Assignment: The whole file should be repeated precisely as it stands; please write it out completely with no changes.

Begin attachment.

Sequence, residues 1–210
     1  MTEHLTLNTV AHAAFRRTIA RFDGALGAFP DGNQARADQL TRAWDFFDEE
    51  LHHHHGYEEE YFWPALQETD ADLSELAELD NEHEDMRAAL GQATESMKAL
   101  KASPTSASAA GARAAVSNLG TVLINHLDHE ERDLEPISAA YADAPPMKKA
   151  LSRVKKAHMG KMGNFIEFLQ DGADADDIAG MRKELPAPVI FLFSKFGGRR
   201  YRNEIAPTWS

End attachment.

Sequence, residues 1–210
     1  MTEHLTLNTV AHAAFRRTIA RFDGALGAFP DGNQARADQL TRAWDFFDEE
    51  LHHHHGYEEE YFWPALQETD ADLSELAELD NEHEDMRAAL GQATESMKAL
   101  KASPTSASAA GARAAVSNLG TVLINHLDHE ERDLEPISAA YADAPPMKKA
   151  LSRVKKAHMG KMGNFIEFLQ DGADADDIAG MRKELPAPVI FLFSKFGGRR
   201  YRNEIAPTWS